A new investigation is looking at the development of post-traumatic stress disorder (PTSD) in children from war-torn Syria. Most of the people who go through the trauma and turmoil of war do not experience PTSD. Certain factors surrounding the upbringing of the Syrian refugee children were seen to increase the likelihood of developing this condition.
The Emotional Effects of War
The effects of witnessing violence and extreme trauma firsthand can have a massive toll on the human emotional state. This is only amplified in the case of children. The new study was conducted by Elie Karam, a Lebanese psychiatrist, together with some colleagues. He serves as the president of the Institute for Development, Research, Advocacy and Applied Care, (IDRAAC). This is a nonprofit mental health organization located in Beirut.
Two factors were found to have the most impact on whether children who fled war-torn Syrian developed PTSD. The first factor was whether a child grew up with a high sense of awareness and responsiveness to the good and the bad in the home, school, and neighborhood. The second factor was whether such a child, who can be categorized as environmentally sensitive, did not face many adversities early in life. This includes a serious illness in the family or fighting parents in the home.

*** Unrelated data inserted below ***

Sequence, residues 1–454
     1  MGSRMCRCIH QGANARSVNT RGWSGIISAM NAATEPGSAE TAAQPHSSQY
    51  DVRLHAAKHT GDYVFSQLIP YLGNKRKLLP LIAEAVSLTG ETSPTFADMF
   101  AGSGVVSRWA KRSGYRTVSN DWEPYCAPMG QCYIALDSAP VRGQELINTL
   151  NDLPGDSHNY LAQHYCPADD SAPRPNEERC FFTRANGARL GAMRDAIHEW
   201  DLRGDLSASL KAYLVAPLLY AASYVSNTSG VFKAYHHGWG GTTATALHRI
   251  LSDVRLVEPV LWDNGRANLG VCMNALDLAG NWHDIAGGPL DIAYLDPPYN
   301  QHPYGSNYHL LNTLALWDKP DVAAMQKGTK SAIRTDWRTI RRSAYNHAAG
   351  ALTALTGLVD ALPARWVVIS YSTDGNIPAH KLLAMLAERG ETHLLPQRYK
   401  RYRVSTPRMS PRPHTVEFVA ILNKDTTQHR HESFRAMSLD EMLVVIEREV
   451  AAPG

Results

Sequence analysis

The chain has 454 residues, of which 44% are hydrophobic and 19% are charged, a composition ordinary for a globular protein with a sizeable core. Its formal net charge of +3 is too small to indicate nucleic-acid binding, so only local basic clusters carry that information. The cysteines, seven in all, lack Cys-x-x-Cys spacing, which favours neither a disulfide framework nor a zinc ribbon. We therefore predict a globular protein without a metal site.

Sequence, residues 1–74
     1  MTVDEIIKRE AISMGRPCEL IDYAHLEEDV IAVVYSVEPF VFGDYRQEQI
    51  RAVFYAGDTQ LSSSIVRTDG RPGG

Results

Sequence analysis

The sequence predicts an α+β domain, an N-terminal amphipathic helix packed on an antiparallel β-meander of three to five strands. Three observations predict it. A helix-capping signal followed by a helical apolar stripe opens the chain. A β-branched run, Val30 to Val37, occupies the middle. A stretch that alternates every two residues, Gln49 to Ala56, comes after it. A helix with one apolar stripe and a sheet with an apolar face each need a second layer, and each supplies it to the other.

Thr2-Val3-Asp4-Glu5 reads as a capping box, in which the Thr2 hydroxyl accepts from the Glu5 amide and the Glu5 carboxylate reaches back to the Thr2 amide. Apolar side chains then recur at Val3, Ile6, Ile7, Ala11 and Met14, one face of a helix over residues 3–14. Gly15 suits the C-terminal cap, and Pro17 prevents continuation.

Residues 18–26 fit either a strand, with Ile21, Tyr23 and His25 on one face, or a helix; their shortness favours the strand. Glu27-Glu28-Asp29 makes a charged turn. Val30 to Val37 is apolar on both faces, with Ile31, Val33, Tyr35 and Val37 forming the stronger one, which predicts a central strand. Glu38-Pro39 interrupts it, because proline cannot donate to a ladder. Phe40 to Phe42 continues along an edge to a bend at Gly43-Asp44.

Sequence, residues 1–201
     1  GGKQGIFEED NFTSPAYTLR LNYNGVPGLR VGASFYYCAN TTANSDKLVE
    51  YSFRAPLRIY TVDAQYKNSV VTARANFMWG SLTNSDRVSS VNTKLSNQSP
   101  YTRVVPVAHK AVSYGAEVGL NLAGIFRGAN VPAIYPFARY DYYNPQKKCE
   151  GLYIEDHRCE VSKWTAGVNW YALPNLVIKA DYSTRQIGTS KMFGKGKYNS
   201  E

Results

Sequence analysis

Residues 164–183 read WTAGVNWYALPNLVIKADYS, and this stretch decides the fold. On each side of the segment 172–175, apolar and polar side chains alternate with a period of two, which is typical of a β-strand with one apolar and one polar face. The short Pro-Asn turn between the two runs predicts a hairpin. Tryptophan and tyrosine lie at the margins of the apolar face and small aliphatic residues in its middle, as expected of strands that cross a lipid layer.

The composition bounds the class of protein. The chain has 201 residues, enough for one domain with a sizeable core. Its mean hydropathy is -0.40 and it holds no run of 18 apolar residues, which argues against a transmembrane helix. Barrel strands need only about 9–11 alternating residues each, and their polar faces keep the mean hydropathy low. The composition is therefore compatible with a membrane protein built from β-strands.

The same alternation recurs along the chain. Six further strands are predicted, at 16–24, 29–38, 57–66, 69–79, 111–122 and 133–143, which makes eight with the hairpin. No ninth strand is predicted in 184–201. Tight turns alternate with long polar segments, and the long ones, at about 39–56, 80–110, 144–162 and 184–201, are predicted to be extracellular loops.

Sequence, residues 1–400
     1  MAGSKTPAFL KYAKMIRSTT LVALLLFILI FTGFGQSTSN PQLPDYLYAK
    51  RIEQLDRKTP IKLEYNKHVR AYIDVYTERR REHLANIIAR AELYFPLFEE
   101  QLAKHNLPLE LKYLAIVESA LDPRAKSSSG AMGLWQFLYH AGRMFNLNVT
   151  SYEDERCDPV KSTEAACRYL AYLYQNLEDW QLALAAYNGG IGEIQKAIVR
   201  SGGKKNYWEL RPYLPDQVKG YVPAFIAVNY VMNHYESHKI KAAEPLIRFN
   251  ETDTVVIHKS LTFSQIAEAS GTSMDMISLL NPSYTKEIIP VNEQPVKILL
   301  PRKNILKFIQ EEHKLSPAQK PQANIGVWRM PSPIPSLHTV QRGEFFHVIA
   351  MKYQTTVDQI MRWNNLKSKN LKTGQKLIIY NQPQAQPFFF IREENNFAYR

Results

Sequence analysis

Children with these factors at play in their upbringing were found to be at a high risk of developing PTSD. The effects were greatest when highly sensitive children experienced low or moderate childhood adversity. Children who experienced high levels of childhood adversity prior to war faced more or less the same level of PTSD risk, regardless of their environmental sensitivity. The findings are set to appear in the British Journal of Psychiatry. This research work adds to the growing body of knowledge concerning how different children respond or rely on nurturing environments.